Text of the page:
eschews water transportation by the Ohio and Mississippi in favor of long, tedious and break-down (of men, horses, and wagons)
marches. Fourth. His plan is to subdue the seceded States by piece-meal instead of enveloping them all (nearly) at once by
a cordon of posts on the Mississippi to its mouth from its junction with the Ohio, and by blockading ships of war on the sea-board.
For the cordon a number of men equal to one of the general's column would probably suffice, and the transportation of
men and all supplies by water is about a fifth of the land cost, besides the immense saving in time.
Respectfully submitted to the President.
Source: Official Records of the Union and Confederate Armies, Series 1, Vol. 51, Part 1, pp. 338-339
HEADQUARTERS OF THE ARMY,
Washington, May 3, 1861.
Maj. Gen. GEORGE B. MCCLELLAN,
Commanding Ohio Volunteers,
SIR: I have read and carefully considered your plan for a campaign,
and now send you confidentially my own views, supported by certain facts of which you should be advised.
First. It is the design of the Government to raise 25,000 additional
regular troops, and 60,000 volunteers for three years. It will be inexpedient either to rely on the three-months' volunteers
for extensive operations or to put in their hands the best class of arms we have in store. The term of service would expire
by the commencement of a regular campaign, and the arms not lost be returned mostly in a damaged condition. Hence I must strongly
urge upon you to confine yourself strictly to the quota of three-months' men called for by the War Department.
Second. We rely greatly on the sure operation of a complete blockade
of the Atlantic and Gulf ports soon to commence. In connection with such blockade we propose a powerful movement down the
Mississippi to the ocean, with a cordon of posts at proper points, and the capture of Forts Jackson and Saint Philip; the
object being to clear out and keep open this great line of communication in connection with the strict blockade of the seaboard,
so as to envelop the insurgent States and bring them to terms with less bloodshed than by any other plan. I suppose there
will be needed from twelve to twenty steam gun-boats, and a sufficient number of steam transports (say forty) to carry all
the personnel (say 60,000 men) and material of the expedition; most of the gunboats to be in advance to open the way, and
the remainder to follow and protect the rear of the expedition, &c. This army, in which it is not improbable you may be
invited to take an important part, should be composed of our best regulars for the advance and of three-years' volunteers,
all well officered, and with four months and a half of instruction in camps prior to (say) November 10. In the progress down
the river all the enemy's batteries on its banks we of course would turn and capture, leaving a sufficient number of posts
with complete garrisons to keep the river open behind the expedition. Finally, it will be necessary that New Orleans should
be strongly occupied and securely held until the present difficulties are composed.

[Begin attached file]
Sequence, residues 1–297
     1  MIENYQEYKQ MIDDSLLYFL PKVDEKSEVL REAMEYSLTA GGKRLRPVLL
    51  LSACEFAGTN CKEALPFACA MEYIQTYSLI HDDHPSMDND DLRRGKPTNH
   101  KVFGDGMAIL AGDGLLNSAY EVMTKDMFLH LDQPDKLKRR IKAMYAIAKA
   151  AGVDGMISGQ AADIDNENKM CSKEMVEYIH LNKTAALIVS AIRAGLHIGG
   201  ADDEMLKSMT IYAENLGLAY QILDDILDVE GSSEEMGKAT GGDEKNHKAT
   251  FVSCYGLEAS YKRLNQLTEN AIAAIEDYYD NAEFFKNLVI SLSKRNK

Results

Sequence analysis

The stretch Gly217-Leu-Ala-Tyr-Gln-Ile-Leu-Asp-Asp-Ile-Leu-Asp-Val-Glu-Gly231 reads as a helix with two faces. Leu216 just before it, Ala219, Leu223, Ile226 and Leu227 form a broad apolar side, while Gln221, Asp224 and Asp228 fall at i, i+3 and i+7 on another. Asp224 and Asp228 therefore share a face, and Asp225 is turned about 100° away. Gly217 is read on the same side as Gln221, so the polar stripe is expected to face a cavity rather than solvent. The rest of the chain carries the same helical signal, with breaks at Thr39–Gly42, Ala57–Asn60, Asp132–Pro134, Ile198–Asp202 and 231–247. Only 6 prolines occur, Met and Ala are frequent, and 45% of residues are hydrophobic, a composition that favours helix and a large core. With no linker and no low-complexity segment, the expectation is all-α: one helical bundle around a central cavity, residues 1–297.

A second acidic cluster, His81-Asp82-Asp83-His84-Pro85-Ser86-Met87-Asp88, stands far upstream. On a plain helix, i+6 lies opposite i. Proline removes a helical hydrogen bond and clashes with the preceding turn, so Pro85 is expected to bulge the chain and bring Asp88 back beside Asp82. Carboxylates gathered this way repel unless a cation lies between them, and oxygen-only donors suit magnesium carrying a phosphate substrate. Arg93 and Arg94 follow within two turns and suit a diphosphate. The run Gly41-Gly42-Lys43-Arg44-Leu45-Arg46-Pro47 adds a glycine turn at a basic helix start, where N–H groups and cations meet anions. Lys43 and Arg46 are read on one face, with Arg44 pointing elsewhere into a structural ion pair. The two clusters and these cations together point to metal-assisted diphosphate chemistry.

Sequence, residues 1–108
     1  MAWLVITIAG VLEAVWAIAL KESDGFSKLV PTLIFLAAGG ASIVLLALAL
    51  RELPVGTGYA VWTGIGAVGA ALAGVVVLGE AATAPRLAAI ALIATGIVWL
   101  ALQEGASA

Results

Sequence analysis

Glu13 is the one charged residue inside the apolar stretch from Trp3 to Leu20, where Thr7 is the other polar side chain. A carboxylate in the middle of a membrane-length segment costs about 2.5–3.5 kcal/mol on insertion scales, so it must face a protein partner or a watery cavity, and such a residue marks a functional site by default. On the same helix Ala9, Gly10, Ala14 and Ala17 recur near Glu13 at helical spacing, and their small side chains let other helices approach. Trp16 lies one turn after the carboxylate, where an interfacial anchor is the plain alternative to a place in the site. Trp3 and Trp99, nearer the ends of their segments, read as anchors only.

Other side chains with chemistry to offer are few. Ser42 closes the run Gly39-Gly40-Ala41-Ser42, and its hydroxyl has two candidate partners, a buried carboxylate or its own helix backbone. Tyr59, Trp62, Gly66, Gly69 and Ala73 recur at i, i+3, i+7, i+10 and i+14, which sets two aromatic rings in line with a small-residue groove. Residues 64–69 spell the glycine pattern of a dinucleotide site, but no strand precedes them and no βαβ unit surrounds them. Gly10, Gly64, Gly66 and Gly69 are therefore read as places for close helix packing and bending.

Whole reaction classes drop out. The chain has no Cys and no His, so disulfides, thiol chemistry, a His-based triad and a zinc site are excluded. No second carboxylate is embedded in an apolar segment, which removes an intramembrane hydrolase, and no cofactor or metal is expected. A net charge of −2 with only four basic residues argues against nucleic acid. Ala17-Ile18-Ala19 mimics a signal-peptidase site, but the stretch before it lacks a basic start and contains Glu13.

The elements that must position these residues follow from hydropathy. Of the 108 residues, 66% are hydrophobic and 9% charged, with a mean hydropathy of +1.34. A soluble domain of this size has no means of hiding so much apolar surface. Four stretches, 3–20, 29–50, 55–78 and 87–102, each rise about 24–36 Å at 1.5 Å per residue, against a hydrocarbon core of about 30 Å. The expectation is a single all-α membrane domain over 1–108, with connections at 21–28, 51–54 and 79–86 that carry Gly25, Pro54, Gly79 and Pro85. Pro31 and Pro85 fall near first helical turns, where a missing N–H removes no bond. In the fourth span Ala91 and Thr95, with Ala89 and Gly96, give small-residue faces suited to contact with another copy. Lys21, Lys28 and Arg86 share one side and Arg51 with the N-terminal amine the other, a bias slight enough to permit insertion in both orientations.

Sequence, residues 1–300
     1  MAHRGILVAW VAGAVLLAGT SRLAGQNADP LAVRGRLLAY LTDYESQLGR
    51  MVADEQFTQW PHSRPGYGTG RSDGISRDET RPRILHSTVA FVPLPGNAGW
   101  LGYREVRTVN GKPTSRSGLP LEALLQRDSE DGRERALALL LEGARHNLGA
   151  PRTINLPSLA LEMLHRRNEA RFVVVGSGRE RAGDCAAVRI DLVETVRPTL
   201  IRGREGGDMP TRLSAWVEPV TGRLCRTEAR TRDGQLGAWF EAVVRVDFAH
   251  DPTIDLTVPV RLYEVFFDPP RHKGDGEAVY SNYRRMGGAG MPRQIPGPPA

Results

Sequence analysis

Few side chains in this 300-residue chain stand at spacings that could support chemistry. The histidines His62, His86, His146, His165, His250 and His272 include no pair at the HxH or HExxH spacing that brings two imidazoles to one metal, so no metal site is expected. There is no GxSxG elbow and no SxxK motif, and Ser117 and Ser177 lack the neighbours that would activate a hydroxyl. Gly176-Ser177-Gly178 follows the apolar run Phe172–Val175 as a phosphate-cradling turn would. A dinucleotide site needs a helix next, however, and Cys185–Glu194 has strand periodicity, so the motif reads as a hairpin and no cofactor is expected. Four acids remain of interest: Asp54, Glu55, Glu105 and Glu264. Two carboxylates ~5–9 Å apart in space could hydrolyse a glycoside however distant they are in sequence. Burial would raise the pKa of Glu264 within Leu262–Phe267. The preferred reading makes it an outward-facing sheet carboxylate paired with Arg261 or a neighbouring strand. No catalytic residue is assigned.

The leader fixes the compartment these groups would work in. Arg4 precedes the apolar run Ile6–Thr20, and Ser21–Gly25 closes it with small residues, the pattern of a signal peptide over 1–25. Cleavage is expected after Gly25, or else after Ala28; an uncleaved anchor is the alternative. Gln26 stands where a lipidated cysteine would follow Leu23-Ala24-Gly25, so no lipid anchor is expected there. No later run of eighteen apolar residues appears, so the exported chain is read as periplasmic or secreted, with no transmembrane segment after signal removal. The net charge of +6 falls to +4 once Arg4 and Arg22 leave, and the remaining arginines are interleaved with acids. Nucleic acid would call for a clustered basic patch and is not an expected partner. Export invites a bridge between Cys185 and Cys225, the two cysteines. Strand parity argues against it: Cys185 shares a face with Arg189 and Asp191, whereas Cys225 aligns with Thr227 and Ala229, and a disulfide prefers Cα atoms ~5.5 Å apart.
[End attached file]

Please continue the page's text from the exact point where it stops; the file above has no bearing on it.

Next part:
Third. A word now as to the greatest obstacle in the way of this
plan--the great danger now pressing upon us--the impatience of our patriotic and loyal Union friends. They will urge instant
and vigorous action, regardless, I fear, of consequences--that is, unwilling to wait for the slow instruction of (say) twelve
or fifteen camps, for the rise of rivers, and the return of frosts to kill the virus of malignant fevers below Memphis. I
fear this; but impress right views, on every proper occasion, upon the brave men who are hastening to the support of their
Government. Lose no time, while necessary preparations for the great expedition are in progress, in organizing, drilling,
and disciplining your three-months' men, many of whom, it is hoped, will be ultimately found enrolled under the call for three-years'
volunteers. Should an urgent and immediate occasion arise meantime for their services, they will be the more effective. I
commend these views to your consideration, and shall be happy to hear the result.
With great respect, yours, truly,
Source: Official Records of the Union and Confederate Armies, Series 1, Vol. 51, Part 1, pp. 369-370
Naval Strategies of the Civil War: Confederate
Innovations and Federal Opportunism. Description:
One of the most overlooked aspects of the American Civil War is the naval strategy played out by the U.S. Navy and the fledgling
Confederate Navy, which may make this the first book to compare and contrast the strategic concepts of the Southern Secretary
of the Navy Stephen R. Mallory against his Northern counterpart, Gideon Welles. Both men had to accomplish much and were given
great latitude in achieving their goals. Mallory's vision of seapower emphasized technological innovation and individual competence
as he sought to match quality against the Union Navy's (quantity) numerical superiority. Continued below...
The naval blockade of the South was one
of his first tasks - for which he had but few ships available - and although he followed the national strategy, he did not